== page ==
Reference is made to FIG. 1 of the drawing wherein such shows a gate valve indicated generally at 10 equipped with the valve body-bonnet joint of this invention which is indicated generally at 12. Valve body-bonnet joint 12 connects the valve body side wall 14 with the valve bonnet 16. Gate valve 10 is a typical through conduit slab type gate valve chosen to illustrate the connecting joint of this invention. Gate valve 10 is provided with inlet and outlet conduits having valve seats mounted therewith on opposite sides of the gate member. A stem is secured to the gate and extends through valve bonnet 16 to an actuator mounted on top of the valve bonnet. During normal operation the gate is positioned such that fluid can flow through the conduits. Depending upon the specific seat construction used, the valve body cavity 18 may or may not be subjected to a pressure substantially equal to flowline pressure. For through conduit style gate valves as shown, valve body pressure or fluid pressure in the valve body cavity 18 may be less than the flowline pressure. For non-through conduit style gate valves when they are in the open position the fluid pressure in the valve body cavity is the same as the flowline fluid pressure. The specific shape of the valve body flange portion of the structure may to some extent depend upon the cross-sectional shape of the valve in a direction transverse to the body. At this point it is to be noted that this body-bonnet joint can be used on any valve regardless of whether the body is cross-sectionally circular, rectangular, oval or any other shape.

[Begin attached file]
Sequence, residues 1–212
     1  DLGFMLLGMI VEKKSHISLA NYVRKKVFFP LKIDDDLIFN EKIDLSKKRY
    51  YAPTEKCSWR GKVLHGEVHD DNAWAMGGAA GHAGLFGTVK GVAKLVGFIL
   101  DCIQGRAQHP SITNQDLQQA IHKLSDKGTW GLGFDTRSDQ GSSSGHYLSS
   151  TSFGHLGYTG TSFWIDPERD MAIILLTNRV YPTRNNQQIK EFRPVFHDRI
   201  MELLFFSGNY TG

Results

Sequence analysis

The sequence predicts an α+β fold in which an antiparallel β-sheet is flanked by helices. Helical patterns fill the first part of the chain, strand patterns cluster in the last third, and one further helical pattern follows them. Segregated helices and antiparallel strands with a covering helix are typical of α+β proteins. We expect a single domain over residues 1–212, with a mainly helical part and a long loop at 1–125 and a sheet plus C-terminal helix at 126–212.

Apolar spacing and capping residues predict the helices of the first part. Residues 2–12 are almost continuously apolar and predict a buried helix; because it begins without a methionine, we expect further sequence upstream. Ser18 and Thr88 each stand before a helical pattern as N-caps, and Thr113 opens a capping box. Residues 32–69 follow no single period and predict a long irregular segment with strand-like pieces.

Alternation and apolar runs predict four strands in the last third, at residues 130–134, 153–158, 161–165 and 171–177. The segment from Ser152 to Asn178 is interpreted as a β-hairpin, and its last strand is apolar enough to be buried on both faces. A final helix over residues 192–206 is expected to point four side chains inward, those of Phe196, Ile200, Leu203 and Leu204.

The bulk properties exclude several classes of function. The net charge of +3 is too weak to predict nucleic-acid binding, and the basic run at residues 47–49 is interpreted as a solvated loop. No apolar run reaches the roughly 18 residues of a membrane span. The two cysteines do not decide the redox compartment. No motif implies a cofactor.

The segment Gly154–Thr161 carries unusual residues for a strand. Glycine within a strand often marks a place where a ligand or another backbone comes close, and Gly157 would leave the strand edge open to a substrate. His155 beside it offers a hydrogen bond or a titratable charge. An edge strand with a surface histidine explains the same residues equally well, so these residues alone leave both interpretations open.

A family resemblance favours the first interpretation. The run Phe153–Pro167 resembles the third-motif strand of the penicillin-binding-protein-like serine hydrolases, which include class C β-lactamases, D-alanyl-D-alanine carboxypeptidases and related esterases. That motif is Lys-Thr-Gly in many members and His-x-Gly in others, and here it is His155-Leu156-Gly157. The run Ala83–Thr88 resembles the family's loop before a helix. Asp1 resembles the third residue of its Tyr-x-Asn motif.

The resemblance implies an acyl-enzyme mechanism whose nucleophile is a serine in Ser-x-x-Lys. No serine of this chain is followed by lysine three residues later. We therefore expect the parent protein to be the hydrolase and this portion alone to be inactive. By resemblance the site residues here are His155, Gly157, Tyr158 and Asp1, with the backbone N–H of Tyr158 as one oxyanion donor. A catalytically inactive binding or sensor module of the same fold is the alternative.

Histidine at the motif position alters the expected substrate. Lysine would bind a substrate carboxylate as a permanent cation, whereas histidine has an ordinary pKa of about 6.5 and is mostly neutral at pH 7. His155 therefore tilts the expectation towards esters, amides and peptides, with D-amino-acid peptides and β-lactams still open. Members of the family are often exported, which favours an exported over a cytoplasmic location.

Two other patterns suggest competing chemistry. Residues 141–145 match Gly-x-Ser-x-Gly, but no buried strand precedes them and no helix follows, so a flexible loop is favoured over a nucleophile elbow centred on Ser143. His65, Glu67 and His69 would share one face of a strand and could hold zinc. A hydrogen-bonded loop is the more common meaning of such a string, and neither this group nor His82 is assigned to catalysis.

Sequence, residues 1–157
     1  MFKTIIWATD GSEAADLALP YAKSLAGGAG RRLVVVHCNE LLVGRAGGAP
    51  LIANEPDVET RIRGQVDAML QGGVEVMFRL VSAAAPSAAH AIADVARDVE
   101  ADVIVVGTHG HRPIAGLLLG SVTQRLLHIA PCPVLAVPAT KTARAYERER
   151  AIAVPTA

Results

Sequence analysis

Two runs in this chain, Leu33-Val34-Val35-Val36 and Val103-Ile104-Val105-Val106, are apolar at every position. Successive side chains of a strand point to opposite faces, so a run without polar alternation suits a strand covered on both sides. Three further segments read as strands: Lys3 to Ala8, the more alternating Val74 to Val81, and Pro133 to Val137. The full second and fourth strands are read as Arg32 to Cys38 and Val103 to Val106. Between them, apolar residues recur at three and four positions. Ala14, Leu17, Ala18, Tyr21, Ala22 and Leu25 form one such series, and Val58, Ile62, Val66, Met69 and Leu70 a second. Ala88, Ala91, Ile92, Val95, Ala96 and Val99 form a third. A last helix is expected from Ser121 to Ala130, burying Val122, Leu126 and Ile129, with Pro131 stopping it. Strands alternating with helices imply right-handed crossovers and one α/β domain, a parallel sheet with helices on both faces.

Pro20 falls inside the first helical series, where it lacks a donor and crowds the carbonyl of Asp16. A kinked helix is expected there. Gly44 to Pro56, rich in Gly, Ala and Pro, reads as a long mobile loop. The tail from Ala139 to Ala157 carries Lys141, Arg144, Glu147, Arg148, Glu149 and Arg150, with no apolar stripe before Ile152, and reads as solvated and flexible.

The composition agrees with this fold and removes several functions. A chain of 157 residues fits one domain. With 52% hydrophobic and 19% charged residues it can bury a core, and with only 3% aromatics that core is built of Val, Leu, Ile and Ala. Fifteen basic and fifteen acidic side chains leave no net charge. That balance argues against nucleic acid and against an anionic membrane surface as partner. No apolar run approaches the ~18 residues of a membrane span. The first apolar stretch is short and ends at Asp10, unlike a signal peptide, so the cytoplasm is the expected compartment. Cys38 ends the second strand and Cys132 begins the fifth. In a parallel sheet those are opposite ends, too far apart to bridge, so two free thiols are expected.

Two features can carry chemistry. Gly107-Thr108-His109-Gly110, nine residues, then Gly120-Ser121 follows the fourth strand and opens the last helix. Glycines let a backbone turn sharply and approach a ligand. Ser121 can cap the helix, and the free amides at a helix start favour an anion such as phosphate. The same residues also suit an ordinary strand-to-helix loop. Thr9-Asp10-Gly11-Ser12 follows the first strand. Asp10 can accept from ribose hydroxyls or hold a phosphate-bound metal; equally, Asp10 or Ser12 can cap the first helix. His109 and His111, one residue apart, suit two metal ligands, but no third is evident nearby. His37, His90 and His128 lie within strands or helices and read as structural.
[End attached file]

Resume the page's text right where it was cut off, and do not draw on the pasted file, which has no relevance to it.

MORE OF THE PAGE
The flange structure of the valve body includes an enlarged portion 20 of side wall 14 at one end of the valve body. The enlarged portion 20 is a thicker section of valve body side wall 14, with a planar body flange sealing surface 22 extending over the major portion thereof and a raised portion 24 extending above body flange sealing surface 22 around the innermost portion of the flange. Raised portion 24 has an annular sealing surface 25 on the top or exposed annular surface thereof. An annular recess 26 is provided radially outward of raised portion 24 extending substantially below body flange sealing surface 22. Recess 26 as shown has a rectangular cross-section when viewed in a direction transverse to the elongated axis of the valve body. A threaded aperture 28 extends into flange enlarged portion 20 to mount studs or bolts through flange sealing surface 22 into the flange. A plurality of such threaded apertures are provided in spaced relation around the body flange in alignment with valve body side wall 14. Recess 26 is formed sufficiently large in width to accommodate a seal ring 30 in a position adjacent to raised portion 24 and an annular protrusion from the valve bonnet flange. Recess 26 has upright side walls which are generally transverse to body flange sealing surface 22 and a bottom which is generally parallel to body flange sealing surface 22.